Wednesday, 3 May 2017

500 words from J.W. Henley

500 Words From is a series of guest posts from writers, in which they talk about their latest books. J.W. Henley has just brought out his second novel Bu San Bu Si: A Taiwan Punk Tale, which throws readers headlong into the grimy underworld of Taipei’s outcasts, revealing a side of Taiwan few outsiders ever see.

Bu San Bu Si (not three not four) is a Taiwanese idiom used to describe punks, lowlifes, and losers – people who don't fit in. Henley’s protagonist, Xiao Hei, is bu san bu si. Talented and self-destructive, young and reckless, Xiao Hei is the guitar player for Taipei punk band Resistant Strain. He takes punk as a lifestyle. Live Fast. Die Young. Get Drunk. Stay Broke. And yet, at the back of his mind he feels a gnawing lust for fame; a longing for the big time.  He seizes his chance, even though it is offered by former mob boss Jackie Tsai, a key player in the Taipei criminal underworld. Once Xiao Hei is bound to Jackie, everything is on the line. His family. His girl. His band. Even life itself. How much is he willing to sacrifice for fame? How much is he willing to give, and who is he willing to give up?

Journalist J.W. Henley has lived in Taipei for over ten years, documenting the underground music scene, and playing in Taiwanese punk and metal bands. Bu San Bu Si is his second novel, following up on the success of his first, Sons of the Republic. 

So, over to J.W. Henley…

Being a punk or a metal head in Taiwan, or any kind of an artist, for that matter, is a tough gig. And I hear what you're saying: “So, what else is new? Tell me about this mystical land where being an artist is easy.” In Taiwan, however, as in so much of Asia, telling your parents you want to play music, write screenplays or poetry, or weave baskets out of high-grade Yuanshan silvergrass, is tantamount to saying one thing: “I'm a poor excuse for a child, and you will have no one to care for you in your old age, because as a struggling artist, rather than say, a teacher, lawyer, doctor, low-level bureaucrat or civil servant, or just about anything else, really, I won't have the means.”
In much of Asia, that's saying a lot.  Taiwan, like many other countries in the region, is a land pensions largely forgot, and one where filial piety is still a pillar of a largely conformist society. So many Taiwanese youths find themselves caught between a low-paying passion they would like to pursue and a culture that all but demands they put (“childish”) creative aspirations aside following their school years, sacrificing them for the good of the family.

This is the struggle facing Xiao Hei, my main protagonist in Bu San Bu Si. He may as well have bu san bu si tattooed across his forehead, and in creating him, I drew on a lot of people I've encountered in my decade-plus involvement in the Taiwanese music scene as a performer, promoter, and journalist. Many of my friends, contacts, and fellow musicians have a deep-seated love for punk, a form of music that is a cultural import, and they want to make it their own; to make their mark on it in the most profound way possible and put a unique Taiwanese stamp on it. Yet, they are ever-aware of the pull of their family duties, mainly because their parents, like their own parents before them, constantly remind them of what they owe to them and to their ancestors for having been brought into this world.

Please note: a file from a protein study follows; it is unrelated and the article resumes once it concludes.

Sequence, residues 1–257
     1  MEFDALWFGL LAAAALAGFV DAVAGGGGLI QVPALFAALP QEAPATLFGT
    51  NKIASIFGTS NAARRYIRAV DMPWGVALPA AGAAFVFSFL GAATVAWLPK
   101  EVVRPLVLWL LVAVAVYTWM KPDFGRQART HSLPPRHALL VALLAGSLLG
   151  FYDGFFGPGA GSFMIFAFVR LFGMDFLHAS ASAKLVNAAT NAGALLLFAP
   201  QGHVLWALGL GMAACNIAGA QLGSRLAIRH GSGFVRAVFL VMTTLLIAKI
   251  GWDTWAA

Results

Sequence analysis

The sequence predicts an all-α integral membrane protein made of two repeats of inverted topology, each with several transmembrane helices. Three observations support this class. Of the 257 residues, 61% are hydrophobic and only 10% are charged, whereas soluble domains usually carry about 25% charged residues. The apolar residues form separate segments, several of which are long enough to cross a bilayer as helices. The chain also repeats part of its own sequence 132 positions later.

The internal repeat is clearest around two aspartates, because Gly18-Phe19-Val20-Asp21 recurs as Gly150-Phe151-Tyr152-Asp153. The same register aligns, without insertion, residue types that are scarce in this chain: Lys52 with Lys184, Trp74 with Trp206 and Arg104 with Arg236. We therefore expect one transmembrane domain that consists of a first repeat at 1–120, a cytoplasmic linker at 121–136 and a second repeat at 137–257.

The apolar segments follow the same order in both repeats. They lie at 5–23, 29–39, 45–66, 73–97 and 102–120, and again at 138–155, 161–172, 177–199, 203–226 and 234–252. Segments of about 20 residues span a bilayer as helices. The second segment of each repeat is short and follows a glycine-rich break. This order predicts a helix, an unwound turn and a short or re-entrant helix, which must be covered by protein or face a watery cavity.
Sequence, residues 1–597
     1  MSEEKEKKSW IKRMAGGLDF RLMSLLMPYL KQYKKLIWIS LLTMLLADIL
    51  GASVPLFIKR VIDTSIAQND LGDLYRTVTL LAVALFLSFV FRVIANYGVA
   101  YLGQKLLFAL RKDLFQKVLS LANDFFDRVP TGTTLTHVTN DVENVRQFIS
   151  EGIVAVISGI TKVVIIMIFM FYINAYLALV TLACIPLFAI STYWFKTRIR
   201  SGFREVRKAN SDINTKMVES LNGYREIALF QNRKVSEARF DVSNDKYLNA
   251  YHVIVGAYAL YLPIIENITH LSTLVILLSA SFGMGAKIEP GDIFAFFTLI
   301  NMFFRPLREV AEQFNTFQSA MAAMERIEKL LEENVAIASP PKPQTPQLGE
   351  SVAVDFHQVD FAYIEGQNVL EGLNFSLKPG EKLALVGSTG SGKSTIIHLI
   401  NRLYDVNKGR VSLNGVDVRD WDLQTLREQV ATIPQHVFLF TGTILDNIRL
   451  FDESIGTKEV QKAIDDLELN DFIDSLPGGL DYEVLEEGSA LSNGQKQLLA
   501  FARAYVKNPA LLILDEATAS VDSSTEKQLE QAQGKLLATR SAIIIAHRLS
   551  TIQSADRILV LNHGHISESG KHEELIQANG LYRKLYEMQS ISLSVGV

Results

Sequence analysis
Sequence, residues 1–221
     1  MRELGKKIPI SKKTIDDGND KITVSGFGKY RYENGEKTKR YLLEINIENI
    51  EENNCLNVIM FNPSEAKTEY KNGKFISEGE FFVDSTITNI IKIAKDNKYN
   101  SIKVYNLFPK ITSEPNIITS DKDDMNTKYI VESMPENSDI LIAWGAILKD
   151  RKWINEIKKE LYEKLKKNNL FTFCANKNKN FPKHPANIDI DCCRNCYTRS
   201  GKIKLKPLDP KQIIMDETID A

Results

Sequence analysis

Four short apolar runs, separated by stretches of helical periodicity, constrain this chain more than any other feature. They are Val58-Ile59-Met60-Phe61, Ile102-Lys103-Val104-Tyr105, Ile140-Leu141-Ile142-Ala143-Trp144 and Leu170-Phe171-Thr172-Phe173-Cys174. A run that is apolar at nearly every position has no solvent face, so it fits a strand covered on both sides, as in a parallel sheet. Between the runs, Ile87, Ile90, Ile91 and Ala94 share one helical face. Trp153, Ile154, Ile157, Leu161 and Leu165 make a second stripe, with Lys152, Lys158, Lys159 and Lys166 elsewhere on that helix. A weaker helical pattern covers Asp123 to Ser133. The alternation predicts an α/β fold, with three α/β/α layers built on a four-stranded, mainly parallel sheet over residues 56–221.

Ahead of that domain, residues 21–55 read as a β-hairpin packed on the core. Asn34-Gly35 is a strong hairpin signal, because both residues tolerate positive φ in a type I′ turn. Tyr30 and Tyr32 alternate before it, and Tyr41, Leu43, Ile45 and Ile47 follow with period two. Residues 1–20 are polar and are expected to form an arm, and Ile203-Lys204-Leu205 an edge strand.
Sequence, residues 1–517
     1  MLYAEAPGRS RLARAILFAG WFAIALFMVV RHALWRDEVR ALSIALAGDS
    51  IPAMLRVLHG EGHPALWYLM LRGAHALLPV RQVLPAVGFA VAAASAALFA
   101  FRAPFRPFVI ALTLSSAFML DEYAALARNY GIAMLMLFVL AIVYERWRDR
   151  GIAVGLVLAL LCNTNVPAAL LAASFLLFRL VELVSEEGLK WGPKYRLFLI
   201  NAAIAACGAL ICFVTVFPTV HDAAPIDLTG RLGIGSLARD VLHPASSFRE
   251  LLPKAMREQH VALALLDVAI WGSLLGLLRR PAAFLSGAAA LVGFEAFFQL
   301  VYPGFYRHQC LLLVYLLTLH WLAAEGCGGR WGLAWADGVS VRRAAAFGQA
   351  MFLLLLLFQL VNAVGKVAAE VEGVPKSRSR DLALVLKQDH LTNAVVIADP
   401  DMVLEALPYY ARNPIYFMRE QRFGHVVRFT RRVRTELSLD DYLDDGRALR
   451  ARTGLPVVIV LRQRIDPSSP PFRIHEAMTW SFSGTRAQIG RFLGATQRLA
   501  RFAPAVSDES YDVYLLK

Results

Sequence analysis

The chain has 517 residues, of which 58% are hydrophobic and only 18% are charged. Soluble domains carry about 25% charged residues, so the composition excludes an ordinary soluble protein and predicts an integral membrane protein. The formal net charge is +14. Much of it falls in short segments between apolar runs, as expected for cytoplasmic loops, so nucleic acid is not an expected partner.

Some Taiwanese musicians manage to find a balance as they grow older, maintaining music as a hobby on the side while shuffling along a safe career path that will see their own futures secured, along with those of their parents, their partner, and their children, especially their sons. Others, though, like Xiao Hei and his band mates, lash out. They rebel against the system they were born into, resentful of being tethered to rigid structures and beliefs they resist, while feeling guilty for their seeming inability to go with the way things have been done for generations, as most around them seem able to do, in their own unassuming, stoic and socially responsible way.

It is a quiet conflict, to be sure, one that would likely go unnoticed, or at least undiscussed, by most in Taiwan, this industrious and dutiful nation of 23 million. But it is heard in the depths of the underground music scene, roiling beneath the surface. It's a kind of heartache, a longing that manifests in the art made by those who make it purely for art's sake, but still, somewhere deep down, long for greater recognition and exposure, unsure of how to achieve it, or if it is even possible to find it in a place where art, especially outsider art, is held in low regard by all but a few.

This is the tension felt by my fictional Xiao Hei, but it is a real problem, faced every day in the dives and live houses of Taipei, Tainan, Kaohsiung, and Taichung.   It is a problem worth hearing about, because it is one we all live with, to some degree or another. In the end, Xiao Hei will have to make a choice about what is most important to him, as do we all at some point in our lives - family, culture, the pursuit of a dream. Rarely are we able to preserve all three. Rarer still, when one overshadows all, do we live out our days without seeing the others crumble. The choice is both blessing and burden - one we might count ourselves lucky to have at all. But as Xiao Hei comes to realize, our choices can backfire in an instant, disappearing in a haze of selfishness, greed, and ignorance. Then comes the true challenge: finding our way to redemption.

Details: Bu San Bu Si is published by Camphor Press in paperback and eBook, priced in local currencies.